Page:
With apologies to Dickens, 2020 has been for credit unions both “the best of times and the worst of times,” with the largest credit unions – those with over $1 billion in assets – outgrowing, out-lending, and, in many cases, out-surviving their smaller counterparts.
According to the National Credit Union Administration’s latest Quarterly Credit Union Data Summary for the third quarter of 2020: “Total assets in federally insured credit unions rose by $248 billion, or 16.1 percent, over the year to $1.79 trillion in the third quarter of 2020.”
Membership in credit unions has grown by millions in 2020, too: “Federally insured credit unions added 4.2 million members over the year, and credit union membership in these institutions reached 123.7 million in the third quarter of 2020.”
How did this happen? It appears the credit union industry big guys feasted on the consolidations, closures, and failures of the little guys: “The number of federally insured credit unions declined to 5,133 in the third quarter of 2020, from 5,281 in the third quarter of 2019.”
According to NCUA, 2020 is shaping up to be a banner year for the largest credit unions with over $1 billion in assets (which, as we’ve noted, pay not a dime in federal income taxes):
- “The number of federally insured credit unions with assets of at least $1 billion increased to 364 in the third quarter of 2020 from 319 in the third quarter of 2019. These 364 credit unions held $1.3 trillion in assets, or 71 percent of total system assets. Credit unions in this category reported loan growth of 11.8 percent. Membership rose 10.6 percent. Net worth increased 11.9 percent.”
As the industry continues its massive consolidation of assets in $1 billion-plus credit unions, it’s been a real “2020” kind of year for smaller, true-to-mission credit unions:
- While increasing in total number year-over-year from 255 to 272, federally insured credit unions with assets of at least $500million but less than $1 billion declined 4.5 percent in memberships, 2.8 percent in net worth and 1.9 percent in total loans.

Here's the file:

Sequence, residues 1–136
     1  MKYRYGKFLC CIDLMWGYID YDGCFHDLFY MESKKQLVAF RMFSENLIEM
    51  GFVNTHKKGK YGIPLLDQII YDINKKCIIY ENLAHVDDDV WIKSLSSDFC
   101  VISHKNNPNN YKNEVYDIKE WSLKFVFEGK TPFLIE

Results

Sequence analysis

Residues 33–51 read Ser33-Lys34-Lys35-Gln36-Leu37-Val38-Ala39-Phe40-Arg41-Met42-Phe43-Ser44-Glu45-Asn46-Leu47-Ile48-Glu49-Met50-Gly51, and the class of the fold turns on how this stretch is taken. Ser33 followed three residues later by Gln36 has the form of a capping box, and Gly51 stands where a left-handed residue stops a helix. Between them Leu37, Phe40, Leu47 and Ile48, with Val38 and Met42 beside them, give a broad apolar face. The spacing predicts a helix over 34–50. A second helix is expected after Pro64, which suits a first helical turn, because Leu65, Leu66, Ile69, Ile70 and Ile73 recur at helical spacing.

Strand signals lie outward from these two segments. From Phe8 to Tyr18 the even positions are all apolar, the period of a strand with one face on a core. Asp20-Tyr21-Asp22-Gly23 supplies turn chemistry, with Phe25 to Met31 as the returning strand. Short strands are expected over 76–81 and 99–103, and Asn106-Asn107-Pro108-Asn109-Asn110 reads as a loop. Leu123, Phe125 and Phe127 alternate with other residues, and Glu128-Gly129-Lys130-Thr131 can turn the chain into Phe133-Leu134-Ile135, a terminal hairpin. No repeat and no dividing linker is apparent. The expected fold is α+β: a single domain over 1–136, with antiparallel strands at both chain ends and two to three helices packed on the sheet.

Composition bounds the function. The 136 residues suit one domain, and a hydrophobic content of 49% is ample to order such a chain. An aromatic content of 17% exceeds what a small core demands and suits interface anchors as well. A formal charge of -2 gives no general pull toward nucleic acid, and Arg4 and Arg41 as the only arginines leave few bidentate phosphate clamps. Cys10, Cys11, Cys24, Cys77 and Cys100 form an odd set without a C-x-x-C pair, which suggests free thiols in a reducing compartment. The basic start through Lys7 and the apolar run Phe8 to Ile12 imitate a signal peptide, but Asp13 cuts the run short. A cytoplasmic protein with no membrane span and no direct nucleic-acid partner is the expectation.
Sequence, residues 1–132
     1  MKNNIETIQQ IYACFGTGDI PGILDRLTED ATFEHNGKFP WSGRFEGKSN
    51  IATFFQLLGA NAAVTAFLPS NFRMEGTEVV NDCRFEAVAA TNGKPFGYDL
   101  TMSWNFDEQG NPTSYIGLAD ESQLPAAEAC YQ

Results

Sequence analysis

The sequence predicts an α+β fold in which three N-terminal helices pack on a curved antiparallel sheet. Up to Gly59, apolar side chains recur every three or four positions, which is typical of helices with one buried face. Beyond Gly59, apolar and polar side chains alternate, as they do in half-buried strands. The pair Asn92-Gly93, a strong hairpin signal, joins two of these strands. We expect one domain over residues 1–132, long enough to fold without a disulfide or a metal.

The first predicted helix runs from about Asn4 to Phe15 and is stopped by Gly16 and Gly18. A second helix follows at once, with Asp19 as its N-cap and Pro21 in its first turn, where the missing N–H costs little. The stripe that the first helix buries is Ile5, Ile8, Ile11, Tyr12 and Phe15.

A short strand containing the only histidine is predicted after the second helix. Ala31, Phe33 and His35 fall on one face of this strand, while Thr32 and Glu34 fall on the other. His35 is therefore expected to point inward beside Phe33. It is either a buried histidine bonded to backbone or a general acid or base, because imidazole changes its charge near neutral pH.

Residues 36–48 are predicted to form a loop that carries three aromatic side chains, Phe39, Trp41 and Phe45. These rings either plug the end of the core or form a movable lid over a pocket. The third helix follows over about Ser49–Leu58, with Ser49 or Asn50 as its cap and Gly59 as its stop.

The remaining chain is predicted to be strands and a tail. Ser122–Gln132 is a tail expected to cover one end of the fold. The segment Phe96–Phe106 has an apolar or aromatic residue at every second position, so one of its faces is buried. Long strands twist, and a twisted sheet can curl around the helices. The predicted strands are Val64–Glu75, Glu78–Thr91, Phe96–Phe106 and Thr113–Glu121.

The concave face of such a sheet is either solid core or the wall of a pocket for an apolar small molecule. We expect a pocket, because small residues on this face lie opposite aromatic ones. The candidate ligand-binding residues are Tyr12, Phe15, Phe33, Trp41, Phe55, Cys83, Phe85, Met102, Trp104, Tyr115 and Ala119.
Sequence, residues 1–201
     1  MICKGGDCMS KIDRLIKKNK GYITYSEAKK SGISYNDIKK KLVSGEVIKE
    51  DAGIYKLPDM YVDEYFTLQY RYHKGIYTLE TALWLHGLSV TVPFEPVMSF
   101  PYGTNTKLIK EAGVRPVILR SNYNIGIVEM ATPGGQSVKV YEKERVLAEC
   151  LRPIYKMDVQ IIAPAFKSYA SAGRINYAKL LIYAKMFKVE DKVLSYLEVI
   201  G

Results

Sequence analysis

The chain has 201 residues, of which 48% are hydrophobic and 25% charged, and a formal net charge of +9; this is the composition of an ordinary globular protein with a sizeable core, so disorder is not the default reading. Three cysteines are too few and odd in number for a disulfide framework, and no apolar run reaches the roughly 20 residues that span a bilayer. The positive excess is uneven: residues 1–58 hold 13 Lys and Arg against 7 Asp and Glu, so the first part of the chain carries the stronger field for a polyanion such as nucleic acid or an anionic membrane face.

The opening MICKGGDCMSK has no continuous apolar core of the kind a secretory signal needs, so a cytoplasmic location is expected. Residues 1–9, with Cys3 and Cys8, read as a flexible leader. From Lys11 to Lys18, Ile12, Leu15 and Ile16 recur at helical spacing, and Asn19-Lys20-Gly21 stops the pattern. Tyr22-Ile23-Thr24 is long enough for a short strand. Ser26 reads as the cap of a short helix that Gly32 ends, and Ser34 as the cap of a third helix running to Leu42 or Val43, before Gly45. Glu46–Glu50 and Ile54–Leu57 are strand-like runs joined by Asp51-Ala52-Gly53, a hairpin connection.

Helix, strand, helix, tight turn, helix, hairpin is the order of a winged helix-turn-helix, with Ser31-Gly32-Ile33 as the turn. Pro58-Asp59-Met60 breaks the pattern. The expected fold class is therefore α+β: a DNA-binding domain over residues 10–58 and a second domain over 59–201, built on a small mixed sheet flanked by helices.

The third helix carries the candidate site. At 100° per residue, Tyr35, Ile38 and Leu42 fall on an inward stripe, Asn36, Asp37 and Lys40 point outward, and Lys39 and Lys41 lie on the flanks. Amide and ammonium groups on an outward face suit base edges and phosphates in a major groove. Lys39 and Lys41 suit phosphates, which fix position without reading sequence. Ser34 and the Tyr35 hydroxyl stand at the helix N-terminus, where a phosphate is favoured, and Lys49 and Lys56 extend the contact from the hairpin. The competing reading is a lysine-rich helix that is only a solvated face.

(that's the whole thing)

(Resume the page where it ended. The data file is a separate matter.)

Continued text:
- Credit unions with at least $100 million but less than $500 million in assets increased to 1,063 in the third quarter of 2020 from 1,012 in the third quarter of 2019 but declined 6.5 percent in memberships, 3.5 percent in net worth and 6.1 percent in total loans.
The numbers look especially terrible for the smallest credit unions:
- “Credit unions with at least $50 million but less than $100 million in assets declined to 674 in the third quarter of 2020 from 682 in the third quarter of 2019 … [and] reported a 12.2 percent decrease in total loans. Membership fell 12.5 percent. Net worth declined 7.1 percent.”
- In the $10 million but less than $50 million asset size, 100 credit unions are gone compared to a year ago: “Declined to 1,561 in the third quarter of 2020 from 1,661 in the third quarter of 2019 … [while reporting] a 15.8 percent decrease in loans. Membership declined 13.5 percent. Net worth fell 10.4 percent.”
- And saving the worst news for last: “The number of federally insured credit unions with less than $10 million in assets declined to 1,199 in the third quarter of 2020 from 1,352 in the third quarter of 2019. These credit unions held $5.0 billion in assets, or 0.3 percent of total system assets. Credit unions in this category reported a 21.3 percent decline in loans. Membership fell 16.4 percent. Net worth declined 14.1 percent.”
None of these figures should cause much surprise for anyone familiar with credit union industry trends over the last several decades. The biggest get bigger – fueled by their no-federal-tax-paying status – and buy up banks and paste their names on stadiums and bowl games, while the smallest struggle to stay alive. And next week, NCUA is poised to make this disparity even worse by allowing the biggest credit unions to raise capital from outside investors (think hedge funds buying up the debt in credit unions). Not exactly the image of the small, close-knit cooperative of people sharing a common bond that credit union advocates try and paint.
You can read the full NCUA report here. We encourage you to do so.